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3 Causes of Workplace Brain Injuries

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3 Causes of Workplace Brain Injuries

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One of the most serious types of injuries that can occur at work are brain injuries. Traumatic brain injuries (TBIs) can range from mild to severe and may affect the injury victim and their family for the rest of their lives. These injuries can arise in a myriad of situations, but when they happen at work most often occur due to falls or motor vehicle collisions. Whenever someone suffers an injury at work they may be eligible to file a workers’ compensation claim.

Workers’ compensation may cover part of the initial expense after a workplace brain injury.

Workers’ compensation or “workers’ comp” is a form of injury insurance most employers are required or choose to carry; this insurance provides a means of compensating an injured worker for some of their medical expenses and lost wages due to a workplace injury, while simultaneously protecting the employer from liability.

However, if the injury occurred due to negligence on the part of the employer or a third-party, such as another driver or equipment rental agency, it may also be possible to file a personal injury claim to seek compensation for a more comprehensive list of damages.

Three common causes of workplace brain injuries include:

  1. Falls
  2. Falling objects
  3. Motor vehicle accidents

While these risks can be significantly reduced by wearing proper protection and following safety protocol at all times, accidents can still happen, in which case workers’ compensation might provide an immediate form of financial relief. However, if the injury is severe and/or could have been prevented by proper attention to safety from one or more parties, it may be possible to file an injury claim in addition to receiving workers’ comp benefits. This is good news for brain injury victims: since the resulting damages for these injuries tend to be severe and may be long-lasting or even permanent, an injury claim can help cover the costs associated with treating them.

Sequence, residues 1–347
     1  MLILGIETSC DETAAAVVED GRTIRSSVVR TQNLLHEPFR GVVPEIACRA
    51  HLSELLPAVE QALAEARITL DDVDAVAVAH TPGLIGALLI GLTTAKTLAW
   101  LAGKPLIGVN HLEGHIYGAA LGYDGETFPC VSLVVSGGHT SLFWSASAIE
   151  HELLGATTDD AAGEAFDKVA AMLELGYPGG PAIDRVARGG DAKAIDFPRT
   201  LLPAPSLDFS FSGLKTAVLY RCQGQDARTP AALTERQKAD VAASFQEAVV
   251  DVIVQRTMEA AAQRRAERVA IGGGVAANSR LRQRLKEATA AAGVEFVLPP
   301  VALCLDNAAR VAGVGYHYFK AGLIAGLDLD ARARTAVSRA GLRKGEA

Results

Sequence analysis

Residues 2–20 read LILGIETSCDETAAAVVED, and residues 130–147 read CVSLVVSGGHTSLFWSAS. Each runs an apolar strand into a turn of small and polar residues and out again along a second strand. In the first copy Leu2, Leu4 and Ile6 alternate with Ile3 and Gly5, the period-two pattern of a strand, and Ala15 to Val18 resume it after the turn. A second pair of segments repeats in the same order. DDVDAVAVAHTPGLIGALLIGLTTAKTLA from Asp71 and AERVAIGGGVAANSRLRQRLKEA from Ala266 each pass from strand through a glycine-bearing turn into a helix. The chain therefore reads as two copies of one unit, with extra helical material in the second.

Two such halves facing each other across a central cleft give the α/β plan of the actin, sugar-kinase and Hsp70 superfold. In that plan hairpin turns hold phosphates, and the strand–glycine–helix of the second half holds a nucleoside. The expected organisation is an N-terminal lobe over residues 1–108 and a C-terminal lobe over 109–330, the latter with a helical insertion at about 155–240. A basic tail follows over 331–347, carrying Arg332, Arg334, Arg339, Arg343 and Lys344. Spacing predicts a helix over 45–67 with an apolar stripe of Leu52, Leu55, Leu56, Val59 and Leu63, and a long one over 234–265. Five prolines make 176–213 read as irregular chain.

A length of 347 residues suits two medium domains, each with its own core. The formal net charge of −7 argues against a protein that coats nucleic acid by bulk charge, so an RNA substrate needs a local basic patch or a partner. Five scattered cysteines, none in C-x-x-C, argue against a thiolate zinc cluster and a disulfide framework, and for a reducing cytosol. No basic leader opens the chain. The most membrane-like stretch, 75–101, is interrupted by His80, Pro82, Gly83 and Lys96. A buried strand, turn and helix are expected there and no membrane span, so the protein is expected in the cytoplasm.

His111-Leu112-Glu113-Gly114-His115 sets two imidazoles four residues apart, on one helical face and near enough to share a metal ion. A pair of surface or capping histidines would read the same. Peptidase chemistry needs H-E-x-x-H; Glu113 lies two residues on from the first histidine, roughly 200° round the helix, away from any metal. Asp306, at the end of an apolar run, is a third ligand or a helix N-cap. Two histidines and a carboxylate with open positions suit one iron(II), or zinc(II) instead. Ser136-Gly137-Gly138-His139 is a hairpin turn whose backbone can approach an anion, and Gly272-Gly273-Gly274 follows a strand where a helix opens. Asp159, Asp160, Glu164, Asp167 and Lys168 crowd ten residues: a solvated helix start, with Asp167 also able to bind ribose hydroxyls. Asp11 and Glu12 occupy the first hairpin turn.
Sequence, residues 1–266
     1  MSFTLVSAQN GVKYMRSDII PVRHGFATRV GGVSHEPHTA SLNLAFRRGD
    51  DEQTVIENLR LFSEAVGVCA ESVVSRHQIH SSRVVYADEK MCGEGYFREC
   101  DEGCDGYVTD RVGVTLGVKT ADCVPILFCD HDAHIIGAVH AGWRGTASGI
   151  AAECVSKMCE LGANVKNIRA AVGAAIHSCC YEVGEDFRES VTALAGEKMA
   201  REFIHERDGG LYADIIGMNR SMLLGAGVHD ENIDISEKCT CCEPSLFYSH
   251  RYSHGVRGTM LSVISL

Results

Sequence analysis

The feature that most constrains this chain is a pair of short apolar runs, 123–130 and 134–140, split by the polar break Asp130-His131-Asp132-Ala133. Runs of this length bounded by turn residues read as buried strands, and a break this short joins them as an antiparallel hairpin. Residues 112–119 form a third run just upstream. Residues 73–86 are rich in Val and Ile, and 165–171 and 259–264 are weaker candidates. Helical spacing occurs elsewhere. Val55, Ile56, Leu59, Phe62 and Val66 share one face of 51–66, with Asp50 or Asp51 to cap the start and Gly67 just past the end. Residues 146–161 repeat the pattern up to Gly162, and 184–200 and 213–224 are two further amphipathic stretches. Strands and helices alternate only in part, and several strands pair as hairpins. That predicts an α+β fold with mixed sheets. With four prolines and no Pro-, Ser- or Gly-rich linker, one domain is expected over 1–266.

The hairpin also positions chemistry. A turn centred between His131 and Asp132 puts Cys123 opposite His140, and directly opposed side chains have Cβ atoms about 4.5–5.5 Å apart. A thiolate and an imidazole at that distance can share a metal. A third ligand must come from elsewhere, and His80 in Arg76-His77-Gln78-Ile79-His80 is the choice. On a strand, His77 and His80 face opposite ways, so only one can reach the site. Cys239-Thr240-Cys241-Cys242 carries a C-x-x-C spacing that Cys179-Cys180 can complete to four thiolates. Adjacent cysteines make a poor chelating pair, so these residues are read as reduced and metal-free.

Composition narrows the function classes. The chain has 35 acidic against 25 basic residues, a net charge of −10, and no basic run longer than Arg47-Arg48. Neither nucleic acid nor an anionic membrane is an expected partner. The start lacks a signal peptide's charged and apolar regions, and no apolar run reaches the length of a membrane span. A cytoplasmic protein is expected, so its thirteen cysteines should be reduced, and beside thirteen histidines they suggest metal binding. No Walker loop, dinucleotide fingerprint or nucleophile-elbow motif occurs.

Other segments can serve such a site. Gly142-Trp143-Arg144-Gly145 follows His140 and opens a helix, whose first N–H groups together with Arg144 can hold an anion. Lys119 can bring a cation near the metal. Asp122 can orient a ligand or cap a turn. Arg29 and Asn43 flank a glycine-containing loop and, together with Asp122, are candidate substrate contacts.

Brain injuries may not be immediately noticeable.

Unfortunately, brain injuries are not always diagnosed right away, even at the hospital. Due to the invisible nature of these injuries, sometimes the individual does not realize the extent of their injury until some time later when family and friends begin to notice changes in their behavior and mood. The following signs may indicate the presence of a brain injury:

  • Mood swings
  • Becoming angry, irritable, or combative without apparent cause
  • Difficulty concentrating
  • Difficulty remembering things
  • Confusion
  • Difficulty sleeping
  • Difficulty waking up
  • Changes in personality
  • Slurred speech
  • Lack of interest in previously enjoyed activities
  • Persistent headaches
  • Depression and anxiety
  • Decreased coordination
  • Unusually drowsy
  • All-around unusual behavior
  • Seizures or convulsions

If you suspect that you or a loved one sustained a brain injury at work, it’s important to reach out to an experienced TBI attorney in your area as soon as possible to begin exploring your options for recovery. Proving when and how a brain injury occurred after the fact can be challenging, but doing so can be well worth it to the ability of an individual and family to return to a reasonable quality of daily life.

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